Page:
I have a hard time reconciling the opportunities and challenges brought by technology. On the one hand, technology greatly assists my day-to-day life, and on the other, it burdens me.
Case in point: iPhone 6.
My iPhone 4 was working perfectly well, but my two-year service contract with Verizon was up right around the time they said Apple was coming out with a new model. Normally I get the generation of phone that’s one behind the latest and greatest. Why? Because it’s less expensive and the bugs have been cleaned out of that model.
But this time around I skipped straight to the top – or near it. I didn’t bother with the 5 or 5S and was able to get the 6 because of a special trade-in offer. I was told I could get a six simply by handing in my four, which I think is strange – and not fully true anyway. We’ll get to that soon.
The biggest problems I have with tech upgrades or switches are the following:
• It takes time to shop, process, and install
• It takes time to learn and troubleshoot
• It ends up costing more money
You may say I have a choice, an option to opt-out of changing phones or even to opt-out of using all of the tech gadgets out there. But if one doesn’t partake and keep relatively up-to-date on technology, he or she falls out of society and into the third world. Technology is no longer an enhancement or the provider of a competitive edge, but to not have it, puts you at a significant disadvantage.
So my wife and I trade our phones to cash in on the deal. We’ve never given our phones back, in part because they weren’t worth much and mainly because of a concern about the data not really being wiped clean from the phone. But to get the iPhone 6 I put my identity theft fears and privacy violation concerns to the digital curb. Apple, the government, FB, Google, Verizon, and Chinese hackers have all my information already. My digital footprint publicly leaves many clues as well. I might as well get some money for the phone.
But free isn’t free. Let’s start with the exchange of phones. The 4’s are worth $200 each and the 6’s are selling for $200 each. But on the exchange I ended up paying sales tax on $200. They claim the $200 I get on each phone is a rebate but my purchase price gets taxed. Why doesn’t Apple or Verizon pay sales tax to me on the phones I sell to them?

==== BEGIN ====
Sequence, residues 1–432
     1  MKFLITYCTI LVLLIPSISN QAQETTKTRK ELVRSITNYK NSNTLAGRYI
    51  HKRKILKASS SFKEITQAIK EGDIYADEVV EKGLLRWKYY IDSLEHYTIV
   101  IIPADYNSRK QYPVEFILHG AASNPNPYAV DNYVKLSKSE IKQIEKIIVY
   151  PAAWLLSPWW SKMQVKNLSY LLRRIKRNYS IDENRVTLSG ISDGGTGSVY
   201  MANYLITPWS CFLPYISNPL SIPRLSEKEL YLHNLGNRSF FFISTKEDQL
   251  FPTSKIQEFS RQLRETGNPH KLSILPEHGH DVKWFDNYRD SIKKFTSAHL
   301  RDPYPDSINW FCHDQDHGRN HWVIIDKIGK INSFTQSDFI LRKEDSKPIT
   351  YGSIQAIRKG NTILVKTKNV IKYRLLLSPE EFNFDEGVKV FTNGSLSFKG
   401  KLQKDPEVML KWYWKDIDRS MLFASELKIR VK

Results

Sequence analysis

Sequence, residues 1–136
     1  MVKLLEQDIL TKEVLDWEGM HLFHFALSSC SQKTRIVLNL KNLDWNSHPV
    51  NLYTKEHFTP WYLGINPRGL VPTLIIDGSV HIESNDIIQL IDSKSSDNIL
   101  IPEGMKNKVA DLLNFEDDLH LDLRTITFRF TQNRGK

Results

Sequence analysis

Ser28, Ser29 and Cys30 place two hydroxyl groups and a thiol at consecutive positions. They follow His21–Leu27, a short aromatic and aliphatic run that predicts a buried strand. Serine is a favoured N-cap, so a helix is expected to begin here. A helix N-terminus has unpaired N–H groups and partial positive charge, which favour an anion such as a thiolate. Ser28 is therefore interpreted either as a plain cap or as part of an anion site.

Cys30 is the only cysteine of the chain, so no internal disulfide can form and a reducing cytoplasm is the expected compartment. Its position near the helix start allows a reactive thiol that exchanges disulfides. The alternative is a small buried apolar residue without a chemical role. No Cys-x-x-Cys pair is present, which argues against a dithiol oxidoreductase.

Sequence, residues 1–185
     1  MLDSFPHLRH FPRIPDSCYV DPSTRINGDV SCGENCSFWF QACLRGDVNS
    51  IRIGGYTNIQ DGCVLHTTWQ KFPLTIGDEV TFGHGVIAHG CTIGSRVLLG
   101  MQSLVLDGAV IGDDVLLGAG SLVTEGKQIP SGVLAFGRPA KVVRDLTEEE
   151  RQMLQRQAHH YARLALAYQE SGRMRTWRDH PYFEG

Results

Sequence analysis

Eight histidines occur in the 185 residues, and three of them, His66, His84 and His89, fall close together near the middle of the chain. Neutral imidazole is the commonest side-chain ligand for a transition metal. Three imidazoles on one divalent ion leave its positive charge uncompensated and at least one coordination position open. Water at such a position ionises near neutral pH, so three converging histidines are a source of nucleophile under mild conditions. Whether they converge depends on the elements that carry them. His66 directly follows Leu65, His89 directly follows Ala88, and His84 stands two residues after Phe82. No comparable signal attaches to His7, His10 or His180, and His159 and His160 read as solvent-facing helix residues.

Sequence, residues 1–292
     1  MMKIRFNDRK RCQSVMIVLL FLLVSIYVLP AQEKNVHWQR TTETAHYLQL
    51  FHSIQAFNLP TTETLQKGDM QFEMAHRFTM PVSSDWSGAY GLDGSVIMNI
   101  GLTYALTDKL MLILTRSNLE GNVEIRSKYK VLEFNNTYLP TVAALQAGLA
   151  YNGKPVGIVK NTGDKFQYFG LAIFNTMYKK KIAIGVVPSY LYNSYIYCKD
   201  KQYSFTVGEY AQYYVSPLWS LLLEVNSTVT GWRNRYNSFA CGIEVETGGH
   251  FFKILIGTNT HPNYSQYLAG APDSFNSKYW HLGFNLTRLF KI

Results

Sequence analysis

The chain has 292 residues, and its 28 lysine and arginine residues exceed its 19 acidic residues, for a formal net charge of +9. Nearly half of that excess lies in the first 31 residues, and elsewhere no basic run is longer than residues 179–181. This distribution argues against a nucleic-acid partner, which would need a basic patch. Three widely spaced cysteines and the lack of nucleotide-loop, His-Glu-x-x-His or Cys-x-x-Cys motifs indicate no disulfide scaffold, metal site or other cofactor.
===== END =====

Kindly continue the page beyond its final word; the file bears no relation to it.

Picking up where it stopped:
OK, so you got the tax. We’re all good after that, right? Well, no. The iPhone 6 is larger than a 4, so we each need new cases. And we need the screen protector thing. There is also a $30 activation fee. And the chargers aren’t compatible, but they give us those. Then, you need insurance or you can be out a lot of money. See where this is all going? Nothing’s free.
Now, once you get past the hours spent with Verizon and Apple to do the exchange and activation and transfer of data from one phone to the other, you need to learn new features and adjust to any deviations. You have to reload certain things and spend more time looking up contacts because the email and text don’t recognize the email addresses until you start using them on the new phone.
Ok, ok, so after a few hundred dollars, time spent, and you are adjusted to the new phone, what’s next?
Your phone shatters.
Yes, this happened to my wife. We picked up our phones on a Friday. Verizon and Apple were out of the good cases so we went without one. We also didn’t get insurance because Verizon is a rip-off. They charge $10 a month plus $150 deductible to replace a phone. This means in two years you spend between $240 to $390 for piece of mind.
But then we learned Apple has a cheaper program. For $99 they cover you on anything but loss or theft. If you need to replace the phone they add on $79. I went on Sunday to buy it for my wife. Her last phone broke and the phone before that didn’t break but it once was dripped in the snow and stayed there for a week.
Two hours after I got the coverage, she dropped the phone on the street and shattered the screen.
She inspired me to get Apple’s insurance as well.
I can only hope the iPhone 6 was worth the hassle and cost. I’m sure once we feel good about our purchase, the iPhone 7 or 8 will be out, demanding we take it home.
We probably will.
Brian Feinblum’s views, opinions, and ideas expressed in this blog are his alone and not that of his employer, Media Connect, the nation’s largest book promoter. You can follow him on Twitter @theprexpert and email him at firstname.lastname@example.org. He feels more important when discussed in the third-person. This is copyrighted by BookMarketingBuzzBlog © 2014